Tuesday, March 27, 2007

FLORIDA DIGEST March 27, 2007

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Get rid of term limits, reject notion of raises

By Times editorial
Published March 27, 2007

New Port Richey voters are being asked to consider a pair of referendum questions on the April 10 ballot. Question one asks if term limits should be removed from the city charter so the mayor and council can serve more than three consecutive terms.


The city's ability to progress has been impaired in the past by term limits that forced highly qualified people to depart from office, only to be replaced by new leaders facing a substantial learning curve.

Exchanging former council member Wendy Brenner for Scott Bryant 10 years ago comes to mind as the most egregious example, particularly after Bryant announced his intentions to resign and run for County Commission just months after joining the council.

Over the years Peter Altman, Frank Parker, Robert Prior, Brenner and Virginia Miller have been forced to vacate their seats because of term limits. Some, like Altman, Parker and Miller, returned after a short hiatus. Others, like Prior, did not seek elected office again.


Palm Beach Post


Bill to override county's moratorium on new rock mines advances in House
By Jennifer Sorentrue
Palm Beach Post Staff Writer
Tuesday, March 27, 2007

TALLAHASSEE - Palm Beach County commissioners would be forced to allow new limestone rock mines, despite a county-imposed moratorium banning the practice, under a plan approved last week by a House committee.

Members of the House Committee on Environmental Protections signed off Wednesday on a bill (PCB ENRC 07-12) that would prevent local governments from blocking a limestone mine on land where the county rules permitted the practice as of March 1.

There is a "critical need" for construction material in the state, and any move that disrupts the supply damages Florida's construction industry, transportation system and "overall health, safety and welfare," the bill states.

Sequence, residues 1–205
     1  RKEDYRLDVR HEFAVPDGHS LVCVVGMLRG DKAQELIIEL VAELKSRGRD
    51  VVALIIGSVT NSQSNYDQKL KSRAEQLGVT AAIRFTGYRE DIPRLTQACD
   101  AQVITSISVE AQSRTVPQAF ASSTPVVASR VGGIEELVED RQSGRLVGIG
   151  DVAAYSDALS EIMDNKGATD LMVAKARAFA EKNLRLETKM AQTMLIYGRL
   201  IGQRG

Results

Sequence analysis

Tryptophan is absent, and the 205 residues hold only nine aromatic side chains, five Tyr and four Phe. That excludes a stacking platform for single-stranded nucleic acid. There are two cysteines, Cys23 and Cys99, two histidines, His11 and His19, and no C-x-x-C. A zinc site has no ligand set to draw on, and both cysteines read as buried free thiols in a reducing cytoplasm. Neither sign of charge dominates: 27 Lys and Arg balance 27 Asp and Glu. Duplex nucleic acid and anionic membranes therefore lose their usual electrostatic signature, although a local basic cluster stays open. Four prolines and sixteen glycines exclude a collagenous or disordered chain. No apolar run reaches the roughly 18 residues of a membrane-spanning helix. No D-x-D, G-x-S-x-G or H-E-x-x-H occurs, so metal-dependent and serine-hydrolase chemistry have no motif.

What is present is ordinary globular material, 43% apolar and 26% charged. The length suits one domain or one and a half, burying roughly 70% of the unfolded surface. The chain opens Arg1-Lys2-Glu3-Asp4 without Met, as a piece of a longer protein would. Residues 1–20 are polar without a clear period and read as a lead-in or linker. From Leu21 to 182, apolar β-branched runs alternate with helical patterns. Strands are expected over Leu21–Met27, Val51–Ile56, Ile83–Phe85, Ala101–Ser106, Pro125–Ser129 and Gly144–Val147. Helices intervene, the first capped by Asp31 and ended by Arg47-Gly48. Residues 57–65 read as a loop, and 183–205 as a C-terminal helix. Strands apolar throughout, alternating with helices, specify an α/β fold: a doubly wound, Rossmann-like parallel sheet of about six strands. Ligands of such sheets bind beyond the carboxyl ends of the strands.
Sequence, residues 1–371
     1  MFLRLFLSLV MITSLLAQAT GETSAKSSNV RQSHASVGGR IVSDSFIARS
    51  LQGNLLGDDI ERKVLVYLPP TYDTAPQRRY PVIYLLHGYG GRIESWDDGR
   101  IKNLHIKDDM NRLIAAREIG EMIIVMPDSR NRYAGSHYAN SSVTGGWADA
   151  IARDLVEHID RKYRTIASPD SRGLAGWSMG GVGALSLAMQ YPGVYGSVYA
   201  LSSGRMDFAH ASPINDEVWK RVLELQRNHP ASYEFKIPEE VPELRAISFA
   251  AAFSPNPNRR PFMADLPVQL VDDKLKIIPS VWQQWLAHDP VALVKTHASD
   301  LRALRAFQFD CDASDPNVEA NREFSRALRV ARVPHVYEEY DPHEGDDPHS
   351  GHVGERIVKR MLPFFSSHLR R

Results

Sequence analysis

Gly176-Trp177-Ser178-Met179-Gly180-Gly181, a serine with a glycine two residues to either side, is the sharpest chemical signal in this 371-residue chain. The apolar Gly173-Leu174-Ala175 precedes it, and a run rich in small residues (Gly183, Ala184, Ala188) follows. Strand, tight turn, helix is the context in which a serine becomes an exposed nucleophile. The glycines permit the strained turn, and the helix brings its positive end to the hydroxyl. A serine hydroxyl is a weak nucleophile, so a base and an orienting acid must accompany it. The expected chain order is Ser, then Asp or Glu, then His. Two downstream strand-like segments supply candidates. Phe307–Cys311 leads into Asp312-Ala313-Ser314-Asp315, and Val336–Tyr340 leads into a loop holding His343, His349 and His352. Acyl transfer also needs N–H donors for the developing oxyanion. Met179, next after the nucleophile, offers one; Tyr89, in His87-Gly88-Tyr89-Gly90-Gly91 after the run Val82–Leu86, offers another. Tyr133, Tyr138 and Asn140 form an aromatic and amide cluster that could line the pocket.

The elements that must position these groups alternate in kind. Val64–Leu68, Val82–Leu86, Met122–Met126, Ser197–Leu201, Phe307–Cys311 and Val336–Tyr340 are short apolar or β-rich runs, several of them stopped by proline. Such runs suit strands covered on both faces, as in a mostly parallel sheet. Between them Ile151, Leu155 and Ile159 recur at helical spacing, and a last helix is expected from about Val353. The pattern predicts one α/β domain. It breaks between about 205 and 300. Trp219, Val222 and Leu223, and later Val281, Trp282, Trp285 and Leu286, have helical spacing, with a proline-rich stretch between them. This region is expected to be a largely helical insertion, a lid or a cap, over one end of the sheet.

But critics, including the Florida Association of Counties, say the bill also would take away local officials' ability to regulate a mine's hours of operations, noise and traffic, and would prevent counties from protecting sensitive wetlands and springs.

In November, Palm Beach County commissioners agreed to block new mining operations until a study showing how blasting affects the Everglades Agricultural Area was complete. The decision, however, allows existing mines to expand if they prove they won't cause long-term damage.

The blasting study is expected to be completed by Dec. 1, 2008.


The Miami Herald


Posted on Tue, Mar. 27, 2007
Judge pulls gun after attack on defendant

(AP) -- A Circuit Court judge pulled a handgun in his courtroom after a man jumped a railing and punched a handcuffed defendant accused of molesting his son.

Bailiffs eventually took control of the attacker during Friday's outburst, and Circuit Judge John Merrett handed his gun to a clerk for safekeeping. The judge met with the father in his chambers and later ordered him released without bail, even though he was charged with a felony and two misdemeanors.

The man is not being named to protect the identity of his son.

Merrett said Monday he never put his finger on the trigger or pointed the gun at anyone.

Because of the way his courtroom is configured, the judge said he couldn't see the fight below his bench. He said he pulled the gun as a precaution.


The Miami Herald


Posted on Tue, Mar. 27, 2007
Can teen curfews curb violence?

Broward Sheriff Ken Jenne is talking about curfews for teenagers as a possible way to combat a recent upsurge in violent crime.

''It is one possible option we are looking at,'' said Jenne, whose office is organizing two town meetings this week to discuss the crime problem and solutions. ``But there are a lot of options we are pursuing and that's why we're holding the meetings.''

Thirty homicides have been reported in Broward so far this year, compared to 22 at this time last year. Jenne said robberies and sexual assaults also are on the rise. Most of the crimes are being committed by people between the ages of 16 and 25, Jenne said.

The first town hall meeting will be hosted by BSO in Pembroke Park and will include agencies from surrounding areas, including Miami-Dade, Miami Gardens, Miramar and Hollywood.

When Washington, D.C., was faced with a surge in violent crime -- 13 homicides in 11 days last summer -- then- police Chief Charles H. Ramsey declared a ``crime emergency.''